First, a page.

Overview of chapters
Preface: Don’t skip the lead-on, where Dr. Conley shares his CCR story. His story caused me to reflect on my own, and grounded the following chapters in a more meaningful way.
Intro: Overview of CCR and CCSS challenges and overview of each chapter.
1: A great, concise history of CCR and standards in general. Basically, how we got here in the first place. While I suspect the information in this chapter will not be new to most of us, I thought the brief summary was helpful as a refresher.
2: Dr. Conley offers his definition of CCR, levels of readiness, and connecting student interests to CCR. A great resource, this chapter could really stand on its own and should be required reading for anyone involved in education in this country.
3 and 4: In these two chapters, Conley offers an overview of his Four Keys to CCR, and describes each in-depth.
5 and 6: Deeper learning is described and discussed, several models offered, and the concept explained in the context of CCSS. Conley then explores the deeper learning classroom and student work in such a classroom, a section I found particularly useful.
7: Conley transitions to a careful look at the CCSS, including a history, how they are organized, and implementation challenges. Again, this could be a stand-alone piece, and I really liked how he broke everything down. I’ve spent my fair share of time on the CCSS website, and couldn’t find most of the information Dr. Conley offers. A great resource.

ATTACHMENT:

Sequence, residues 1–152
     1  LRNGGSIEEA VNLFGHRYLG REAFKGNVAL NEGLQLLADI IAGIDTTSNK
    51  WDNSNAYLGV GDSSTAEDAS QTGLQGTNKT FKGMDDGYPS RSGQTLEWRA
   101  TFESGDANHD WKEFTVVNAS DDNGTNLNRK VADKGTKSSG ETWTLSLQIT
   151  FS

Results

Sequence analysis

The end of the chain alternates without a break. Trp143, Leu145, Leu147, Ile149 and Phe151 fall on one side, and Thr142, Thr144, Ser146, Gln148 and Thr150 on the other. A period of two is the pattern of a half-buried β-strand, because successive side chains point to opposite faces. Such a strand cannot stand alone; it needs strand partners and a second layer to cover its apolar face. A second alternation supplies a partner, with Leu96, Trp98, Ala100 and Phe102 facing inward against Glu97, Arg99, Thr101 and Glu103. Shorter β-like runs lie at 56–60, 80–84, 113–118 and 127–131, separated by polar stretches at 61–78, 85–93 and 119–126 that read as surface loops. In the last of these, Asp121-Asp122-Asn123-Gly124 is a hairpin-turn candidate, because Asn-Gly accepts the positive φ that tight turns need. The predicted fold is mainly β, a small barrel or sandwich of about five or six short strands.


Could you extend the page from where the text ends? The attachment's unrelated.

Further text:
8: A discussion of the CCSS and CCR, including the role of elementary teachers (a topic often overlooked in these types of books), and implementation challenges.
9: An overview of the consortia assessments, which again, I found to be a great resource in understanding the overall assessment picture.
10: Conley offers an alternate assessment option, one that really resonated with me. With all the interest in measuring “soft” “non-cog,” or as Dr. Conley calls them, “metacognitive” skills, this chapter was particularly relevant and thought provoking.
11: The book concludes with a looks at the future of CCSS and CCR.
I definitely recommend this book to k-12 administrators, teachers, policy makers, as well as professionals in the higher education world interested in CCR and CCSS. It would also be an excellent addition to any administrator, counselor, or teacher preparation course at the university level. The text is easy to read and isn’t bogged down with citations—though references are provided on the accompanying website. Each chapter ends with “Awareness and Action Steps,” which can be used to put what is outlined into practice. I do wish Dr. Conley would write something directly for parents on the topic of CCR. Maybe that is something he will consider in the future.